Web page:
By Peter H. Milliken
Advocates for a new 1-mill, five-year Mahoning County senior-citizen services real-estate tax levy said older people can look forward to a quality-of-life improvement if the levy passes.
The advocates spoke at a Tuesday panel discussion on the proposed levy at First Presbyterian Church on Wick Avenue.
The administrative director of an inter-generational community center in Girard made an impassioned plea for county voters to take care of their own by passing the levy March 15.
“Our older family members, our friends, our neighbors, who built this community – they deserve to age independently in their own homes for as long as possible,” said Laura Carey, administrative director of the Girard Multigenerational Center.
The center, whose primary focus is on senior-citizen services and activities, is in a former school building and is funded by Trumbull Countywide and Girard senior levies.
“We know that our federal and state resources are severely limited,” Carey told the levy forum, which was sponsored by the Youngstown State University Emerging Scholars and Professionals in Gerontology.
“Taking care of our seniors has become a community effort across the state,” she said. “Here, in the Mahoning Valley, we have always had a tradition of taking care of our own. That senior levy is going to keep that tradition alive in the Mahoning Valley.”
“Our goal is to help people remain in their homes where they want to be,” said Joseph Rossi, chief executive officer of the Niles-based Area Agency on Aging 11.
“This is an opportunity for us to be more thoughtful and more concerned for people who need help, who just simply cannot get it; and at very little cost to the members of our community, we can provide that,” said Harry Meshel, 91, of Youngstown, a former Ohio state senator.
The proposed levy would generate about $4.1 million annually. The county commissioners placed the issue on the primary ballot.
The measure would cost the owner of a $100,000 home about $36 a year. That amounts to a dime a day, Rossi told the audience.
It would pay for a variety of services to people age 60 and older, including adult day care, chore services, home repair and maintenance, homemaker, protective and personal-care services, medication management, guardianships and home-delivered and congregate meals.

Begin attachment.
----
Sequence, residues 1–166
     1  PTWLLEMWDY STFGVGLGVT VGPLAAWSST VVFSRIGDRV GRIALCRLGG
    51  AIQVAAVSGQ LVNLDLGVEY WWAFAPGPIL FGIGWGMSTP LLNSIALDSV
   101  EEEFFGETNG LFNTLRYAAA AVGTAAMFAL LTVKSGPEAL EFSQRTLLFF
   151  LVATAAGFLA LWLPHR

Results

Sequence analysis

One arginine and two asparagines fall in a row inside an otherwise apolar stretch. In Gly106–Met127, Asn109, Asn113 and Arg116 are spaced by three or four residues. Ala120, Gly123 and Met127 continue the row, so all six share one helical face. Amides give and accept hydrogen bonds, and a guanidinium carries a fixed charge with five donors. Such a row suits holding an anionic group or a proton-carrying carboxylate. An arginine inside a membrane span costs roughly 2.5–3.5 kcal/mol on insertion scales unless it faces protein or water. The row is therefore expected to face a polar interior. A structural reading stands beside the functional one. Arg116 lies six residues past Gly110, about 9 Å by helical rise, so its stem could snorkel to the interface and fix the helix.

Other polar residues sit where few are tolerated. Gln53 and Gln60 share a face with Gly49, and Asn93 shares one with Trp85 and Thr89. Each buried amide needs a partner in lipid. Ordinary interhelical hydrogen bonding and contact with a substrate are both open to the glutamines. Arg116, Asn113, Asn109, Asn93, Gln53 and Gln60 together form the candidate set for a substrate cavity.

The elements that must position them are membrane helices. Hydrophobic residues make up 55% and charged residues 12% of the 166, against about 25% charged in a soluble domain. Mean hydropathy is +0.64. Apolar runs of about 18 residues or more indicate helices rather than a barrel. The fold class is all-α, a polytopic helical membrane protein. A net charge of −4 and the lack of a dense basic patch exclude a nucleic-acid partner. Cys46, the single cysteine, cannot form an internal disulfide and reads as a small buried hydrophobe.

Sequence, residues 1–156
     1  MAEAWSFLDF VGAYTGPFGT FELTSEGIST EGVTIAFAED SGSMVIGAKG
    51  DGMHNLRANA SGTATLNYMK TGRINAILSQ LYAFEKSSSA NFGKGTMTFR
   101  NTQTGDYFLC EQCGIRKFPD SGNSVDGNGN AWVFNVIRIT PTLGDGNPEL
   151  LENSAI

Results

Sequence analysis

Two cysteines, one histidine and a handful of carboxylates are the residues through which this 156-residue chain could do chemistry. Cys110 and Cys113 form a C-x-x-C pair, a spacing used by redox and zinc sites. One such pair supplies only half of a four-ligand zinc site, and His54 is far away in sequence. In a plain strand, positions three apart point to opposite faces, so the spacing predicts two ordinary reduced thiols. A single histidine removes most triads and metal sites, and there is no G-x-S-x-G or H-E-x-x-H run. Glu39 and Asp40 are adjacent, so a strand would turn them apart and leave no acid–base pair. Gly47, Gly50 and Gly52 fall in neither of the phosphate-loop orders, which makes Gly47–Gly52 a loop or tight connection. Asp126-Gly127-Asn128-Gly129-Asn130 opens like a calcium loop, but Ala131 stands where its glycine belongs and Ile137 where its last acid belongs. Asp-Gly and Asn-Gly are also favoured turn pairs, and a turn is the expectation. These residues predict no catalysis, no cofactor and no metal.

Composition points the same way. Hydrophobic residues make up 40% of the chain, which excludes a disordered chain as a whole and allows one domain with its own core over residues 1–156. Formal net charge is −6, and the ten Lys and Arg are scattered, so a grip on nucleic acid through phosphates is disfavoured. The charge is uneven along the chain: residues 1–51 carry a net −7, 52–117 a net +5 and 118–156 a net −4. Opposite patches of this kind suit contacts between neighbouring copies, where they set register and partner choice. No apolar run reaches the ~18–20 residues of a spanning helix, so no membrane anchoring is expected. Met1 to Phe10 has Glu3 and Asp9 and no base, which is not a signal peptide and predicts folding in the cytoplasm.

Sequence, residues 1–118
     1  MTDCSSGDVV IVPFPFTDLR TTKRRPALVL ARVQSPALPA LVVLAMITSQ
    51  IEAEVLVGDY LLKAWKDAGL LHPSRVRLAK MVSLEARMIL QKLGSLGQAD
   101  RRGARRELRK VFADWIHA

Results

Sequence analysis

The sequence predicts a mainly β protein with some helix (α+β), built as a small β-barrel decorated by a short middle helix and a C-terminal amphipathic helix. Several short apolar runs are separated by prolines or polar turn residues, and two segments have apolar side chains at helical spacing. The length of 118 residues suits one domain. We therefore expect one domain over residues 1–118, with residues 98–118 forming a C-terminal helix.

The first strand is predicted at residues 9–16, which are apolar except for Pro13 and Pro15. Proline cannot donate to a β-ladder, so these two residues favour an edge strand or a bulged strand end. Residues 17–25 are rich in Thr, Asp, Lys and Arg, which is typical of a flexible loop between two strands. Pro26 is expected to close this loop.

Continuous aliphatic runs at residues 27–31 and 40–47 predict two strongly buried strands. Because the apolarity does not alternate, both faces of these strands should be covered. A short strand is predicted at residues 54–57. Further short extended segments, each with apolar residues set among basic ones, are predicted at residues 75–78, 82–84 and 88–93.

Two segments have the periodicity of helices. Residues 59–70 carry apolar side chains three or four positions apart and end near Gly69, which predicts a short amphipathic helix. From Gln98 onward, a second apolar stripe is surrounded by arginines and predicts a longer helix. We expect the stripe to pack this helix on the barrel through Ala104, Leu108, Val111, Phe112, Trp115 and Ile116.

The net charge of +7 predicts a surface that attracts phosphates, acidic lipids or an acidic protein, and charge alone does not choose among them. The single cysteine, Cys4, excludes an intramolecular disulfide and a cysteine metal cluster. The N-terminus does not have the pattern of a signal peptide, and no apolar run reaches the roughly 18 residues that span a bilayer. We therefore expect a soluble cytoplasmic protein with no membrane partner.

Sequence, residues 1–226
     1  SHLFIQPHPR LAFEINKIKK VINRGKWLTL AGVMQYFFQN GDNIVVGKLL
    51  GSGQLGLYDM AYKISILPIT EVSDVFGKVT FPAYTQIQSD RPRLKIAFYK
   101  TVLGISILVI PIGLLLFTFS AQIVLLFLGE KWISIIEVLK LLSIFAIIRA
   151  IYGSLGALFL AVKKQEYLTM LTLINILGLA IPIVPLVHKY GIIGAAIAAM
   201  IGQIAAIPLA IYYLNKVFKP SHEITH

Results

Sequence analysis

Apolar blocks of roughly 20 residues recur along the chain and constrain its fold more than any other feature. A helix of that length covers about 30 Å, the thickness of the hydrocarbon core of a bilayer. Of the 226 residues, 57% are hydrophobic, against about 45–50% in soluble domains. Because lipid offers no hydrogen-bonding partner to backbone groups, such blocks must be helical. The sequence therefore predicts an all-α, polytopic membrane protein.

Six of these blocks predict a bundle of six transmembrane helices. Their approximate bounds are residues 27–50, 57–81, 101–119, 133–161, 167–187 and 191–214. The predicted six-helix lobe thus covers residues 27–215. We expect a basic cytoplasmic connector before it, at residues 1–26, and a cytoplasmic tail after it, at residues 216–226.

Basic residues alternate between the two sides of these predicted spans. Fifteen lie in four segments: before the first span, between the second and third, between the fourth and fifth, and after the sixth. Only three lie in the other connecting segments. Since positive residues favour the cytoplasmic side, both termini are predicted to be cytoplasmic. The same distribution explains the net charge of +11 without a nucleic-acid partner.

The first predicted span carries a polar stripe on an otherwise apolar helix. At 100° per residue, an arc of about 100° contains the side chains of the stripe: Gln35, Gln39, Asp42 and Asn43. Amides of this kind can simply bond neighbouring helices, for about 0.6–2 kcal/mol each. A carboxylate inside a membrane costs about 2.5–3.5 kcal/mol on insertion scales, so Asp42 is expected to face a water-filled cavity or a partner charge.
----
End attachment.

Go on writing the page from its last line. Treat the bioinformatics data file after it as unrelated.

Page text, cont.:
If it passes, collections of revenue from it would start with the first-half tax bills in 2017. Services funded by it likely would start in mid-2017, Rossi said.
Currently, about $900,000 in federal money and $300,000 in state money annually pays for senior services in the county.
With the extra $4.1 million a year from the proposed countywide levy, waiting lists for senior services, now totaling nearly 1,000 people in the county, likely would be eliminated, Rossi said.
Some 27 percent of Mahoning’s population of 229,484 is older than 60, according to the Scripps Gerontology Center, which projects that percentage will increase to 34 percent of a total county population that will have declined to 201,097 in 2030.
Senior levies in adjoining counties are 0.75-mill in Trumbull County and 0.50-mill in Columbiana County. Ashtabula County has a 1-mill senior levy.
Seventy-three of Ohio’s 88 counties have a senior-services levy.
The Area Agency’s administration and oversight fee won’t exceed 5 percent of levy collections and could be considerably less than that if the agency can house administrative staff in space Mahoning County already rents or owns, Rossi said.
Audrey Tillis, county budget director, said the county is considering housing that staff in the county-owned Oakhill Renaissance Place.
Tillis said senior levy money would be kept separate from the county’s general fund.